The May meeting has concluded, clocking in at a swift 3.5 hours.
Audio and video of the meeting will be posted online here in the next day or so. The above agenda has links to staff reports and presentations.
Among the items approved today:
•The Board approved a new pilot program beginning in the upcoming fall quarter/semester to help get more Metro reduced fare passes into the hands of college students. The big improvements:
-Students will be able to register for transit pass when they register for classes. If your college participates in the program, no more having to send an application to Metro and wait several weeks for a student TAP card.
-A small sticker that includes a TAP chip will be distributed on campus and placed directly on student IDs. No need to get a TAP card — it means a student ID card becomes a TAP card.
-Schools will pay a reduced fare per boarding for actual rides taken. That means the most students will pay is $43 a month if they attend a college participating in the program. If the college is willing to kick in some money, students will pay less.
-Students taking eight units per quarter or semester are now eligible for the discount. Students previously needed to take 12 credits per quarter/semester, meaning part-time students were precluded from the program.
Why is this a big deal?
One, there are a lot of colleges near major transit lines. Two, as the staff report explains, “”Currently, there are more than 1.4 million public college students in Los Angeles County, and only 14,000 (1%) are actively participating in Metro’s reduced fare college pass programs, the College/Vocational (C/V) Pass and Institutional Transit Access Pass (I-TAP) programs.”
Several large colleges have already signed up to participate, including CSUN, UCLA, Trade Tech, Pasadena City College and there will possibly be a few more. Here’s the staff report.
•The Board approved a $5.6-billion budget for the agency for the fiscal year beginning July 1. Staff report. We previously posted three short-ish podcasts about the budget: overview, the capital program and four key numbers.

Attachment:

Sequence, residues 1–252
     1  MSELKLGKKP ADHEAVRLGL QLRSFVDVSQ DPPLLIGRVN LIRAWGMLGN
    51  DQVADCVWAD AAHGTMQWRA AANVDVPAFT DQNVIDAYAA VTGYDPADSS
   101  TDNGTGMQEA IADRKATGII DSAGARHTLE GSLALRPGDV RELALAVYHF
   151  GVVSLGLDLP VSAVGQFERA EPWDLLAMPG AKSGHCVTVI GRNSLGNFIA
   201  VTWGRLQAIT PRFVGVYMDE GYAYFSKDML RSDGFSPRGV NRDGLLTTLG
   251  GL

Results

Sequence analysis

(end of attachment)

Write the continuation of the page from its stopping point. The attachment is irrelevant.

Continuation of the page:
•The Board approved $11 million in funding to do the environmental and design work on raising the barriers between the 210 freeway and the Gold Line tracks. Why? From the staff report:
Since the opening of the Metro Gold Line, there have been six accidents in which a big rig vehicle, traveling on the 210 Freeway, has entered into the operating Right-of-Way. The latest incident occurred on Sunday, March 6, 2016. During the incident, the tractor caught fire causing damage to the Gold Line system and a major disruption. The Gold Line required immediate repairs which were not complete until early the following morning. Staff proposes to develop design options for barrier improvements for the Pasadena Gold Line and effectively mitigate the risks of future breaches into Metro’s Gold Line Right-of-Way. Once the barrier improvements have been approved by Caltrans, Metro will procure a construction contract for installation of the improvements.
Metro staff told the Board that the current barriers can stop a vehicle up to 4,000 pounds whereas the new barriers will stop a vehicle up to 80,000 pounds. Keep in mind that the Board will eventually have to approve funds to construct this project. But this is a good start and may also help shelter the three stations in the middle of the 210 (Lake, Allen and Sierra Madre Villa) from noise and vehicles.
•The Board approved six-month, $56.2-million extension of the current contract with the Los Angeles Sheriff’s Department to patrol Metro buses, trains and facilities. Metro is currently accepting bids for a longer-term policing contract. Staff report
•The Board approved an active transportation strategic plan, which outlines how Metro will help fund walking, biking and transit improvements to make streets safer for everyone — and to build these type of improvements into transit projects. Think of it this way: it’s a plan that helps identify where Metro could help cities fund improvements — and it also includes potential funding strategies. Wonky, yes. But you’ve got to start somewhere, people. Staff report and here’s a presentation that helps explain it:
•The Board approved a motion asking Metro staff to report back to them on all upgrades to the Blue Line in terms of safety and security and state of good repair projects, including the art work.
•A presentation was given on outreach efforts for Metro’s potential ballot measure. Bottom line: a lot of people attended meetings or listened to the Telephone Town Halls; and there were also a lot of public comments received on what they would like the spending plan for the ballot measure to look like. News release
•What’s the Office of Extraordinary Innovation been up to? Here’s the presentation they provided the Board: